Number 6: par 3, 153 yards. Water comes in tight on the left side with woods to the right. The large green is slightly elevated.
Number 8: par 4, 325 yards. This is a short, tricky par 4, especially if you have never played the course. Water comes into play on both sides of the fairway off the tee. The marsh area off the tee is easy to carry; you need to pay attention to the bunkers that lie straight ahead as well as the large bunker slightly off to the right. Successful navigation of your tee shot will leave an approach shot of around 120 yards. Your approach shot is to a well elevated green; there is room to the right to bail out. Anything left of the green is probably wet. There are three small traps on the right side; all but the greenside bunker should not come into play on your approach shot. This hole really tests your distance control; par is good.
Number 9: Par 4, 364 yards. This dogleg left par 4 features water down the left side; water comes into play on the right side on approach. The two trees on the left are a good aiming point; take the ball over the trees and you’ll have an approach shot of around 150 yards to a green protected on the left by deep bunkers as well as a pot bunker behind the green. Number 9 is a nice finishing hole.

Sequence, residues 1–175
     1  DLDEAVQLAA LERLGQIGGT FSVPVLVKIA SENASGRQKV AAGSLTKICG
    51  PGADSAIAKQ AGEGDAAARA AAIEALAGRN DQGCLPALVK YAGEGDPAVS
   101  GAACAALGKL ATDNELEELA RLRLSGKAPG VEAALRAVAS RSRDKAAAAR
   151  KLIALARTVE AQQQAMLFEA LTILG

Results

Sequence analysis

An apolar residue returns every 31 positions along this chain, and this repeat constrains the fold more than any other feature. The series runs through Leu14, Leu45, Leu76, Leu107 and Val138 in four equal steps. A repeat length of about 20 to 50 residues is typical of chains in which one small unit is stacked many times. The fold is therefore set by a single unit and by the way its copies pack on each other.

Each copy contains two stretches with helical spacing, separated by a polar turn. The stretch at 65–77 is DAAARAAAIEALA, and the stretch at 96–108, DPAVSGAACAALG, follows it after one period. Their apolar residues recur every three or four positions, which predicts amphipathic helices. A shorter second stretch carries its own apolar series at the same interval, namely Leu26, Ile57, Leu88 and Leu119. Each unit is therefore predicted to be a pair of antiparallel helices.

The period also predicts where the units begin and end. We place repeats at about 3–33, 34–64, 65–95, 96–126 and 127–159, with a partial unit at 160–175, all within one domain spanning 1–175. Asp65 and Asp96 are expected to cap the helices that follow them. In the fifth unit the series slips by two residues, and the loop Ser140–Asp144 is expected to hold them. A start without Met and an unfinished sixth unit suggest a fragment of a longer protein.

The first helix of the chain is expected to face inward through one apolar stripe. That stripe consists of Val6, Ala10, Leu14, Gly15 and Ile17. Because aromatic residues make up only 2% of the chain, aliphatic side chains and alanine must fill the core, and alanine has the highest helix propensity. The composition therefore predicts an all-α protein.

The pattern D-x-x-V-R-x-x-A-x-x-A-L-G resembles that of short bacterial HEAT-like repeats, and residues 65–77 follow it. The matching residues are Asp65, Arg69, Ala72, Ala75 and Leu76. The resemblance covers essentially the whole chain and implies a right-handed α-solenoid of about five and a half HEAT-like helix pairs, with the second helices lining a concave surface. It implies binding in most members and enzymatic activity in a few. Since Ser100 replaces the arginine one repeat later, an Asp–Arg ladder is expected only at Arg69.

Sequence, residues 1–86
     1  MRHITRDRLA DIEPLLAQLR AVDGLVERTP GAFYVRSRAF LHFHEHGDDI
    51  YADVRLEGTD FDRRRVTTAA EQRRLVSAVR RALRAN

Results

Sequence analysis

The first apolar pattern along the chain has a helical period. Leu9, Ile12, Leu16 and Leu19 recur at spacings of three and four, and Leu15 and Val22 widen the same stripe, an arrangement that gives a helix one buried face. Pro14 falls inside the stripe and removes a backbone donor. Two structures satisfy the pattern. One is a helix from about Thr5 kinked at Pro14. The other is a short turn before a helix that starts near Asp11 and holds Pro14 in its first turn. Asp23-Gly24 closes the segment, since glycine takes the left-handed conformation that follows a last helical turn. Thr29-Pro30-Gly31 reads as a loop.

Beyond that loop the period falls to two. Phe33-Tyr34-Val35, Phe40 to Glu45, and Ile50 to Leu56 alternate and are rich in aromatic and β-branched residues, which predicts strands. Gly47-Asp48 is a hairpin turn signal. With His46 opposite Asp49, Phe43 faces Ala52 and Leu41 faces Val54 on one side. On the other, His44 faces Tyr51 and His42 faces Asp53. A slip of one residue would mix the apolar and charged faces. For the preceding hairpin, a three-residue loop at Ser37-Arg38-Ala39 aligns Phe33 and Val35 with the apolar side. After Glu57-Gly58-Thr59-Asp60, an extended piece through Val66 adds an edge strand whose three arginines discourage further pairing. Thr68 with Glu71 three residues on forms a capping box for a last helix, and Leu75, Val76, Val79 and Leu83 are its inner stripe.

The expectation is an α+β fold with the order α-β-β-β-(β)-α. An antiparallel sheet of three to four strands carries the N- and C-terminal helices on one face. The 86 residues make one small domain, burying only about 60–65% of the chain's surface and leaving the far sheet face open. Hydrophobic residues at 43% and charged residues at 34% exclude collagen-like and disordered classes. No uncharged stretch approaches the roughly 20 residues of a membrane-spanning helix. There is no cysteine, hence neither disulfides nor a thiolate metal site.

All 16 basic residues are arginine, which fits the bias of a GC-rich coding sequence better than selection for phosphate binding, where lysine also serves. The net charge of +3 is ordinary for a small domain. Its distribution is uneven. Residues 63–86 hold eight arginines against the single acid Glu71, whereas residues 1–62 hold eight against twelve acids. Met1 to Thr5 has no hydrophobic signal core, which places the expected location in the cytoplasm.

Number 1: Par 5, 496 yards. Number one starts you off with a blind tee shot up over a hill with trees on and out of bounds on the right that can – but shouldn’t – come into play. There is a little pond to carry which can pose a problem if you hook it off the tee; otherwise it should not be an issue. If you hit a good drive, you stand a great chance at rolling down a slight hill and having a go at the green in two. Most players will choose to layup; I suggest hitting it out the right side of the fairway to leave a more open approach shot. Sand fronts this elevated green on the left side. This is a beautiful starting hole and not something you would typically find in this part of Florida.
Number 2: Par 4, 389 yards. Accuracy is way more important than distance on number 2. Trees on either side of the fairway create a small window in which to hit the narrow fairway and maximize distance. It seems everyone in our foursome was hitting out from the trees! The approach shot is no picnic either; a lake on the right side makes sure of it. The green is somewhat elevated and very wide with lots of undulations making even a short two putt an interesting challenge.
Number 7: Par 4, 369 yards. You will want to favor the left side of the fairway off the tee to take the wetlands on the right out of play. You’ll also want to avoid the wetlands on the right on your approach shot; the mounding on the right side of the hole can make things very interesting.